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Making an oath or affirmation

Information about the difference between oaths and affirmations for statutory declarations, affidavits and going to court.

From 1 March 2019, the Oaths and Affirmations Act 2018 commences operation. This Act governs taking oaths and making of affirmations. This Act is meant to simplify and clarify the processes for these legal rituals. However, other Acts also deal with particular procedures and uses of oaths and affirmations. Under these circumstances, this new Act is designed to fill in any gaps in the more specific Acts and to be read in conjunction with those Acts. This Act is not designed to limit the powers or practices of courts or tribunals.

The Victorian Evidence Act 2008 continues to govern how oaths and affidavits are to be made in most legal proceedings in Victoria.

What are oaths and affirmations?

Oaths and affirmations are solemn promises under law. There are penalties for making solemn statements in this way that are not true.

A witness is required to take an oath or make an affirmation if they are:

  • making a declaration
  • making an affidavit
  • giving evidence in court.

What is an oath?

An oath is a solemn promise that statements made are true. Oaths are made while holding up a Bible, or other religious book according to the person’s religious beliefs.

What is an affirmation?

An affirmation is a verbal, solemn and formal declaration that may be made in place of an oath if:

  • a person objects to taking an oath
  • an oath is contrary to that person’s religious beliefs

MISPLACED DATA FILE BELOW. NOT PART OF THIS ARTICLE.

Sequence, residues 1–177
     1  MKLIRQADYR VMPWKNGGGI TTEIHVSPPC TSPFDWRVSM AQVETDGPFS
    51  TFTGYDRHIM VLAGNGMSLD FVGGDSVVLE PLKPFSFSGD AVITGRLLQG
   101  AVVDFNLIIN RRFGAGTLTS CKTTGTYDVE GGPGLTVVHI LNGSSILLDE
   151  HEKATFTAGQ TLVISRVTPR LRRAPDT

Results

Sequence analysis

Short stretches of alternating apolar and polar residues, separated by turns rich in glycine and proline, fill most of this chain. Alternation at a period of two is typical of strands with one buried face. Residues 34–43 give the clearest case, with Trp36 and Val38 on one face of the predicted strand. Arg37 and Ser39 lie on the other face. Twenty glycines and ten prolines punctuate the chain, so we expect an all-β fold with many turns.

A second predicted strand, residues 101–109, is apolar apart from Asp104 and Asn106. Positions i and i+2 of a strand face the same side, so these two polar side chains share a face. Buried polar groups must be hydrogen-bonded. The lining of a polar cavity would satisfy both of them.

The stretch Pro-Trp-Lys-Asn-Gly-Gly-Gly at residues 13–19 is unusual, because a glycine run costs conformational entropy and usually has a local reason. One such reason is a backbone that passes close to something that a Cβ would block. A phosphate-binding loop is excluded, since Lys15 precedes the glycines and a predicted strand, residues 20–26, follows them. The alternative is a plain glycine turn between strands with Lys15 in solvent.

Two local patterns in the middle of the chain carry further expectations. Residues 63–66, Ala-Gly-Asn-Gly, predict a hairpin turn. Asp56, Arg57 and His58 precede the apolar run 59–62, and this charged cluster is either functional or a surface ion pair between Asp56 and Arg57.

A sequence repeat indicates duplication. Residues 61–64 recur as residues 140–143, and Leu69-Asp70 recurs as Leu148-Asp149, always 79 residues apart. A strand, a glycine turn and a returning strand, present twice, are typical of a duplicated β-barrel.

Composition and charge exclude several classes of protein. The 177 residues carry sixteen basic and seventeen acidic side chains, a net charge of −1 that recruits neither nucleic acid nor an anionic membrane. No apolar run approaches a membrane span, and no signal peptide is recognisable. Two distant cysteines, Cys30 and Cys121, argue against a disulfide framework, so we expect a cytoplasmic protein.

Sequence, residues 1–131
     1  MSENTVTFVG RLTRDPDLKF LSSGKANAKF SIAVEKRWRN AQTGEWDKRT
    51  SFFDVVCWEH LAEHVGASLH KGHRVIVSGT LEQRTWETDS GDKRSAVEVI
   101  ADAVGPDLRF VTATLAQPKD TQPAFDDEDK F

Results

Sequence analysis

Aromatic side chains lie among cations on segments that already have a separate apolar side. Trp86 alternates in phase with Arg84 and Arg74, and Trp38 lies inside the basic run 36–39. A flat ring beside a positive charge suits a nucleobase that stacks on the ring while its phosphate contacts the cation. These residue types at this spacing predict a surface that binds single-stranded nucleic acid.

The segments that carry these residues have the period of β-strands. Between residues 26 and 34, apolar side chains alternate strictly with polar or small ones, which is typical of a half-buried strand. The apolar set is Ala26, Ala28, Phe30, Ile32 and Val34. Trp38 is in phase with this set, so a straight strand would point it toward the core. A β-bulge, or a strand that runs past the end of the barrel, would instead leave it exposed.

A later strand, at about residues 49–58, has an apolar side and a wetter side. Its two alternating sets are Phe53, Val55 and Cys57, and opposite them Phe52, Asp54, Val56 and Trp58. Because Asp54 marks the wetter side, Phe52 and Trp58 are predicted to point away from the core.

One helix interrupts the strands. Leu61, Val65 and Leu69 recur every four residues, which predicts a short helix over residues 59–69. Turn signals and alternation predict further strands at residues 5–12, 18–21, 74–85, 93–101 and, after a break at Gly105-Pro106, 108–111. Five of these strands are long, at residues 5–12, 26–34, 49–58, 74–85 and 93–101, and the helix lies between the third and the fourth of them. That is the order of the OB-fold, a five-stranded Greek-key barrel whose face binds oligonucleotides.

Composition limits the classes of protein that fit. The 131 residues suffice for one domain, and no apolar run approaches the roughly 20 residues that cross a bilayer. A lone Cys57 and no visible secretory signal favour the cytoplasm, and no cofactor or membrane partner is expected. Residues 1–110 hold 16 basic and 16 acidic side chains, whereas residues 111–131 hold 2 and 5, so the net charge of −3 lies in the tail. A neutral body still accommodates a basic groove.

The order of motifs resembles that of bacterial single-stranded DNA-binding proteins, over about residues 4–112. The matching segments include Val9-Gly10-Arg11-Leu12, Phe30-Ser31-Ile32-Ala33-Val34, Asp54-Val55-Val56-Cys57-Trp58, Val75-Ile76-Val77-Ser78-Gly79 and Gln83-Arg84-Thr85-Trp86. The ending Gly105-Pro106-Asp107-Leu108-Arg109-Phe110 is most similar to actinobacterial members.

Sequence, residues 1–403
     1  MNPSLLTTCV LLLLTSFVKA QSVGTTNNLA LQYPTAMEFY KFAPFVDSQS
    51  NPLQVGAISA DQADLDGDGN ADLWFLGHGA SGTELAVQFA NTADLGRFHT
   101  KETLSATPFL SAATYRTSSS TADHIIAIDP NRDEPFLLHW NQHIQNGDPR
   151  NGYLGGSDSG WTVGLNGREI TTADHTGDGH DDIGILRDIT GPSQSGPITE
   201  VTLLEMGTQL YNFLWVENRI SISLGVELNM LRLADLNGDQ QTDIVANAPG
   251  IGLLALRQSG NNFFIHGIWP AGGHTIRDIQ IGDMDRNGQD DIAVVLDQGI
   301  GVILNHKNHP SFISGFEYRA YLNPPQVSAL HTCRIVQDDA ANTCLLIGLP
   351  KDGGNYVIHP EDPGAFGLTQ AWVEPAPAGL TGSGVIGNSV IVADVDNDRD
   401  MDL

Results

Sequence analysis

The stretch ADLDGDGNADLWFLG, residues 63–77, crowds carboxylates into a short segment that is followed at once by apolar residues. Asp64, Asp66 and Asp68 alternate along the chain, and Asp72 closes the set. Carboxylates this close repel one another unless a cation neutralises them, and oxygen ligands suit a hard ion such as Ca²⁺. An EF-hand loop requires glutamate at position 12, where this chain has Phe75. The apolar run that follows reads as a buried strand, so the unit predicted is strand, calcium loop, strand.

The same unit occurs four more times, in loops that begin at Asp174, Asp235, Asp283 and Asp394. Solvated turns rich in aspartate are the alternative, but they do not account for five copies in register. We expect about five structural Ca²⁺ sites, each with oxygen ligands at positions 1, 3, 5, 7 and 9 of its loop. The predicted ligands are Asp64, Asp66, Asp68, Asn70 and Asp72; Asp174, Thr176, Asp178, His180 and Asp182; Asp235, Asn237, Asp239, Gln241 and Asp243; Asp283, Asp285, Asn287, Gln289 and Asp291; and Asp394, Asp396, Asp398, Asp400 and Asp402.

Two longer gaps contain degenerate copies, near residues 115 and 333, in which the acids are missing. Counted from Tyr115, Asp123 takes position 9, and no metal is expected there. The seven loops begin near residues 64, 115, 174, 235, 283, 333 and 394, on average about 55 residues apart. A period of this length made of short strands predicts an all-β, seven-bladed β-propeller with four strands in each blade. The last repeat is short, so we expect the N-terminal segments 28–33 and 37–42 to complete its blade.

• a person has no religious beliefs.

The Bible or other religious document is never used in the making of an affirmation. An affirmation has the same effect as an oath.

What is a jurat?

A jurat is the certification at the end of an affirmation stating when and where the solemn promise was sworn or affirmed, and by whom. This is followed by the signature and title of the person before whom the affirmation was sworn or affirmed.

Oaths and affirmations under Commonwealth law

The wording to be used when making an oath or affirmation in a Commonwealth court is set out in the Schedule of the Evidence Act 1995 (Cth) (link below).

More information

Legislation

Evidence Act 2008 (Vic)

  • Schedule 1—oaths and affirmations
  • s. 21—sworn evidence
  • s. 22—interpreters to act on oath or affirmation
  • s. 23—choice of oath or affirmation
  • s. 24—requirements for oaths
  • s. 24A—alternative oath

See Evidence Act 2008 (Vic).

Evidence (Miscellaneous Provisions) Act 1958 (Vic)

  • Part lV—Division 11—Jurat
  • s. 126—jurat has to state where and when an oath was taken
  • Jurat is to be prima facie evidence of execution

See Evidence (Miscellaneous Provisions) Act 1958 (Vic).

Evidence Act 1995 (Cth)

  • Schedule—Oaths and affirmations
  • Part 2.1 Division 2—oaths and affirmations by witnesses

See Evidence Act 1995 (Cth).

References

The Courts and Tribunals site has information on the process of swearing or affirming affidavits.

See Courts Services Victoria—Oaths and affirmations.

Updated